Last Thursday, news coverage focused on a case in 2012 in which our investigators accessed the Hotmail content of a user who was trafficking in stolen Microsoft source code. Over the past week, we’ve had the opportunity to reflect further on this issue, and as a result of conversations we’ve had internally and with advocacy groups and other experts, we’ve decided to take an additional step and make an important change to our privacy practices.
Effective immediately, if we receive information indicating that someone is using our services to traffic in stolen intellectual or physical property from Microsoft, we will not inspect a customer’s private content ourselves. Instead, we will refer the matter to law enforcement if further action is required.
In addition to changing company policy, in the coming months we will incorporate this change in our customer terms of service, so that it’s clear to consumers and binding on Microsoft.
It’s always uncomfortable to listen to criticism. But if one can step back a bit, it’s often thought-provoking and even helpful. That was definitely the case for us over the past week. Although our terms of service, like those of others in our industry, allowed us to access lawfully the account in this case, the circumstances raised legitimate questions about the privacy interests of our customers.
In part we have thought more about this in the context of other privacy issues that have been so topical during the past year. We’ve entered a “post-Snowden era” in which people rightly focus on the ways others use their personal information. As a company we’ve participated actively in the public discussions about the proper balance between the privacy rights of citizens and the powers of government. We’ve advocated that governments should rely on formal legal processes and the rule of law for surveillance activities.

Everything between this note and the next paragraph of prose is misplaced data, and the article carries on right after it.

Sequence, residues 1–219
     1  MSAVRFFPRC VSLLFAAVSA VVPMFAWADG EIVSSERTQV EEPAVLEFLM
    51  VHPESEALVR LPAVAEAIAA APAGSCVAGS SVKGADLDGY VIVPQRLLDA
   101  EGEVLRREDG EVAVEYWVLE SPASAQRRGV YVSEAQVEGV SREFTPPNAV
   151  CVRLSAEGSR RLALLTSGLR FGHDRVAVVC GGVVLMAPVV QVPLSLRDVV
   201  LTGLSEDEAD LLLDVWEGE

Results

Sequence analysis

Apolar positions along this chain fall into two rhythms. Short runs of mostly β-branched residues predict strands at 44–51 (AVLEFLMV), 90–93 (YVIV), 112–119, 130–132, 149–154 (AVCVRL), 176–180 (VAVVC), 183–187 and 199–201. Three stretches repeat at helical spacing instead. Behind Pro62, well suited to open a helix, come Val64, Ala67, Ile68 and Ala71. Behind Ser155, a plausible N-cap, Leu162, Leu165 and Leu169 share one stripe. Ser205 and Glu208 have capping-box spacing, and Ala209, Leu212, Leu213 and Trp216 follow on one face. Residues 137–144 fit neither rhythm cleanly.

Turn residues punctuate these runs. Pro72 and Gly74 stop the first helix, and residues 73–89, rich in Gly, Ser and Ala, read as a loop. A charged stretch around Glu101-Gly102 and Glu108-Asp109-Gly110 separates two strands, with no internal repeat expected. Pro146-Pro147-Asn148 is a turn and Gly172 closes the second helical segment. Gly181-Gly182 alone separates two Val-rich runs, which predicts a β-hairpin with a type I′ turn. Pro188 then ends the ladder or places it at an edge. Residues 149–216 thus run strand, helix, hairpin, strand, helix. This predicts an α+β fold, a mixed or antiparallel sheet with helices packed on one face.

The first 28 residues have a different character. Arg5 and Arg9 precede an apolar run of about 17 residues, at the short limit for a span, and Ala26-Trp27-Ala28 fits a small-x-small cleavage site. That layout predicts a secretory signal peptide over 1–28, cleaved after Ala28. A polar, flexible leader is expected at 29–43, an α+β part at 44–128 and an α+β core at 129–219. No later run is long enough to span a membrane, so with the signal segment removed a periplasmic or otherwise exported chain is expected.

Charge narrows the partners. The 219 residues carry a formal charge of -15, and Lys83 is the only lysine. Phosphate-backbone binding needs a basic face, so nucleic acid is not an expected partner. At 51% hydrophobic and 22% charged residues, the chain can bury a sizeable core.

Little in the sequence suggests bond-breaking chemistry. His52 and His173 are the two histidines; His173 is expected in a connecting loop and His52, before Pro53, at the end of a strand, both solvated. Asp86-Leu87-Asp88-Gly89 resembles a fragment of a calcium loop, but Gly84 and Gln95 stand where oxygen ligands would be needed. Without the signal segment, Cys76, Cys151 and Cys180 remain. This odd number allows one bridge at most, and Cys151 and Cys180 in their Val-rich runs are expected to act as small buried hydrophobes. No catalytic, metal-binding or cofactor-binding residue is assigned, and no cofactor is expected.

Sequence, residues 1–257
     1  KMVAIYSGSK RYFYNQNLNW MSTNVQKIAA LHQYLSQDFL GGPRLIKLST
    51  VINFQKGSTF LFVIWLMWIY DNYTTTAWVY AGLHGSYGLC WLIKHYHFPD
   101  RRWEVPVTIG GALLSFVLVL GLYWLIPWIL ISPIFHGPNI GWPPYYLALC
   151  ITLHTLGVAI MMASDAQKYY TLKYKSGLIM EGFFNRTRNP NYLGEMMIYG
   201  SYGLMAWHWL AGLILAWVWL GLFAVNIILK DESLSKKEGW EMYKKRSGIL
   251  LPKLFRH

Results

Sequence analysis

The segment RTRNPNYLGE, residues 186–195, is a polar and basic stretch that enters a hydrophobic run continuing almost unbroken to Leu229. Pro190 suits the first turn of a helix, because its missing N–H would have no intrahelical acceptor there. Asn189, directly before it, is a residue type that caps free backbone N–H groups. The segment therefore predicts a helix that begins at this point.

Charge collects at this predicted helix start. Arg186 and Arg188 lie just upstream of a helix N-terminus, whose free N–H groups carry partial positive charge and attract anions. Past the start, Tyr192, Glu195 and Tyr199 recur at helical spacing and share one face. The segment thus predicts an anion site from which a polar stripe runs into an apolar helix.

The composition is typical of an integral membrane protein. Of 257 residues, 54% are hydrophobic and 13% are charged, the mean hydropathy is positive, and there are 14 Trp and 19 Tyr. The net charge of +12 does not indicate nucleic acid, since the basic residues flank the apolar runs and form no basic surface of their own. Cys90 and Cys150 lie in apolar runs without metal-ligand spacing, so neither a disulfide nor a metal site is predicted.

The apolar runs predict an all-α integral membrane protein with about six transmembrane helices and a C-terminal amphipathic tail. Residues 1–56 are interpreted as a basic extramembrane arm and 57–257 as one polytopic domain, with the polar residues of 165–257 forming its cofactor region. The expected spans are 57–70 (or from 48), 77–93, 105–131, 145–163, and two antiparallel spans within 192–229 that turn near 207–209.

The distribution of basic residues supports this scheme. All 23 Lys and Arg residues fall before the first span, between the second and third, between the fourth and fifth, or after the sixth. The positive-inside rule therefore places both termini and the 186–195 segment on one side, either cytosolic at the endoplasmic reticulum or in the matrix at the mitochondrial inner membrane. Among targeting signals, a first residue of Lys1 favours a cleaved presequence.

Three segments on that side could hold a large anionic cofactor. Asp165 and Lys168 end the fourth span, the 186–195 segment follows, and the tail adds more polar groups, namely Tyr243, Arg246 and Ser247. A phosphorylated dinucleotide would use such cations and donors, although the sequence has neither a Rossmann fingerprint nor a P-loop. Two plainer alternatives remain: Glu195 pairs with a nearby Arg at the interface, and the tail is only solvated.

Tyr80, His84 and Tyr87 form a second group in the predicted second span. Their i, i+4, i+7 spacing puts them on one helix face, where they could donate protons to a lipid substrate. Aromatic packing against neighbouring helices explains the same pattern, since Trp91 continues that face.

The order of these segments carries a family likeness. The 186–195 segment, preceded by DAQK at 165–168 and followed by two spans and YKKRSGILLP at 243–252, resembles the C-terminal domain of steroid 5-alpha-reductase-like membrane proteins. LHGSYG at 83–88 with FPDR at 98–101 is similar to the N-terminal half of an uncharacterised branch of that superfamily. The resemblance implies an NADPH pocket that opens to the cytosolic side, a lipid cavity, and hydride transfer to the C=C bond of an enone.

While our own search was clearly within our legal rights, it seems apparent that we should apply a similar principle and rely on formal legal processes for our own investigations involving people who we suspect are stealing from us. Therefore, rather than inspect the private content of customers ourselves in these instances, we should turn to law enforcement and their legal procedures.
This also has focused our attention on other important questions about the privacy interests of consumers as they use services across the Internet. What is the best way to strike the balance in other circumstances that involve, on the one hand, consumer privacy interests, and on the other hand, protecting people and the security of Internet services they use? It’s an important question across the tech sector. And it’s the type of question we believe would benefit from broader discussion rather than a single company or industry trying to divine the answers by itself.
For this reason, we’ve reached out to the advocacy community to undertake a project that brings together a variety of stakeholders to help identify, flesh out and discuss these important issues. The Center for Democracy and Technology (CDT) has agreed to convene stakeholders and the Electronic Frontier Foundation will be a key participant. We hope that this project can help us all identify potential best practices from other industries and consider the best solutions for the future of digital services. We’ve agreed to help support this effort and will participate wholeheartedly. We hope that other companies will join in as well. Ultimately, these types of questions affect us all, and they will benefit from even more of the thought-provoking discussions that the events from last week have encouraged.
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